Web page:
Volunteers could manage the complicated pumps in St. Bernard Parish, and goats could be brought in to chomp down on the grass growing on the parish’s levees.

Those were among the ideas batted around Thursday by flood protection commissioners searching for ways to keep the Lake Borgne Basin Levee District out of bankruptcy after St. Bernard residents this month once again voted down a higher property tax rate.

The suggestion to use livestock to keep the grass in check was made at least partially in jest as a Southeast Louisiana Flood Protection Authority-East committee discussed the issue.

But the proposal was a sign of the dire straits the board finds itself in as it grapples with the high costs of both maintaining the levees and floodwalls that protect St. Bernard and the rest of the east bank from a storm surge during a hurricane and also operating the drainage system that keeps the parish dry during more typical rains.

The Lake Borgne Basin District is about $3.5 million short of the money it needs to carry out those dual roles — money both to pay for the day-to-day expenses of the system and to provide a reserve to pay for long-term repairs, such as the once-a-decade overhauls needed to keep the five sector gates in the parish in working order.

There’s no clear plan for coming up with that money, which amounts to more than the district’s annual budget, after voters rejected a proposal to increase the district’s taxes for the second time.

Some relief could come from reducing staffing costs by offering early retirements and cutting back on overtime, Lake Borgne District Director Nick Cali said. But the total annual payroll for all 31 employees of the district amounts to only about $2 million, he said.

A smaller staff would mean the district would not have employees on station 24 hours a day to operate and maintain the parish’s pumps and drainage canals and could have to cut back on maintenance, such as the crews who trim the grass that helps protect the levees.

Staff reductions could be offset, in part, by using a volunteer model similar to that used by some fire departments, Commissioner Paul Tilly suggested.

The Flood Protection Authority already is seeking funding for a pilot program that would train residents to run the pumps; it expects to know by this summer whether it can move forward with that plan, Executive Director Bob Turner said.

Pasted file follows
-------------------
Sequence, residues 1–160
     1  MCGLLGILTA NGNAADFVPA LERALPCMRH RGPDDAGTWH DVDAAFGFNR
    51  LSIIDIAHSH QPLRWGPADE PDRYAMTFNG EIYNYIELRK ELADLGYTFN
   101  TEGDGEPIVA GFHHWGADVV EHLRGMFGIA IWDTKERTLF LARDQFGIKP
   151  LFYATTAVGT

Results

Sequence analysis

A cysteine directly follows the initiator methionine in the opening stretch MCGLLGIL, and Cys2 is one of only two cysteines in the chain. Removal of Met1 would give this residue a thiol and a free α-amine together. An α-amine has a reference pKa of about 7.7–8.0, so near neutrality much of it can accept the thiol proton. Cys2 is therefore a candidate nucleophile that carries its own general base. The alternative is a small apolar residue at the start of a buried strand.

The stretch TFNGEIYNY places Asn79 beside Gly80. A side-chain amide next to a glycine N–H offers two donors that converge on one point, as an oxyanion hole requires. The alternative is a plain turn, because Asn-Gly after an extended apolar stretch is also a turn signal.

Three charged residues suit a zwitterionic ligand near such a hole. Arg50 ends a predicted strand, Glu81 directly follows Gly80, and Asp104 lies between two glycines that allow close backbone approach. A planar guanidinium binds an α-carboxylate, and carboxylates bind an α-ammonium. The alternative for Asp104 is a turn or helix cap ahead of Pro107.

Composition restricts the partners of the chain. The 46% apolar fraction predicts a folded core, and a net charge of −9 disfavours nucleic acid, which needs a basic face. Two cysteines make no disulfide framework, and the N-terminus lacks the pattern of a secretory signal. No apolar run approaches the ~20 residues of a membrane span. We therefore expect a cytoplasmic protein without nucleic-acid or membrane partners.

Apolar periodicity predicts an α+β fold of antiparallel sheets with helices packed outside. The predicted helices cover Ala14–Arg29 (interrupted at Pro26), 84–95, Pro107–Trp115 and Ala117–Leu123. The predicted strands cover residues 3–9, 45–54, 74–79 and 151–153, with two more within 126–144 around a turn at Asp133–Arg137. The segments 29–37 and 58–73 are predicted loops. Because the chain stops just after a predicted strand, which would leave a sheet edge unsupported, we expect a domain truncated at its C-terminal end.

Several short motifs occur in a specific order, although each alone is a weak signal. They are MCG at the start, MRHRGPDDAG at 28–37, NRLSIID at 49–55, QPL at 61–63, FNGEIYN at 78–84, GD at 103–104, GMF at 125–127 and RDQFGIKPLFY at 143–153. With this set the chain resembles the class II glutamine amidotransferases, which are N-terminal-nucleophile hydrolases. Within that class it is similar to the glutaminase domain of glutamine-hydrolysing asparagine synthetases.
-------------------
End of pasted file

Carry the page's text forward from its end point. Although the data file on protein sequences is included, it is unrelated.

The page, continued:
Cutbacks, however, could mean the Flood Protection Authority won’t be able to keep the drainage system up to the standards that residents expect.

Drainage in the Flood Protection Authority’s other two districts, which cover East Jefferson and Orleans Parish, is handled by local governments.

Flood Protection Authority President Stephen Estopinal said after the meeting that he wasn’t necessarily comfortable with the idea of volunteers operating “the complex and dangerous” systems that pump water out of St. Bernard.

If it comes to a choice between funding drainage designed to protect against rain or maintaining the $14.5 billion system designed by the U.S. Army Corps of Engineers to protect against a hurricane’s storm surge, Estopinal said the levees and floodwalls have to take precedence.

“If the drainage fails, people’s houses get wet” from street flooding, he said. “But if the federal system fails, you’re looking at a significant loss of life.”

To guard against a worst-case scenario, Estopinal said, the Flood Protection Authority should also look into the process for a state entity to declare bankruptcy.

He also suggested seeking changes to the legislation that governs the Flood Protection Authority, though he declined to discuss details.

One possible approach could be to allow each of the three levee districts included in the Flood Protection Authority to spend money in other districts. That is prohibited under the law that created the districts after levees failed during Hurricane Katrina.

That move could face opposition from lawmakers who don’t want one parish’s taxes to subsidize drainage improvements in another, particularly given the unwillingness of St. Bernard voters to foot the bill themselves.

Without confirming that the authority would seek to move in that direction, Estopinal said a regional approach means understanding that storms don’t recognize political boundaries.

“If I’m a taxpayer in Jefferson Parish and I know my tax money is protecting me, I don’t care if it’s being spent in Orleans or St. Bernard,” he said.

Follow Jeff Adelson on Twitter, @jadelson.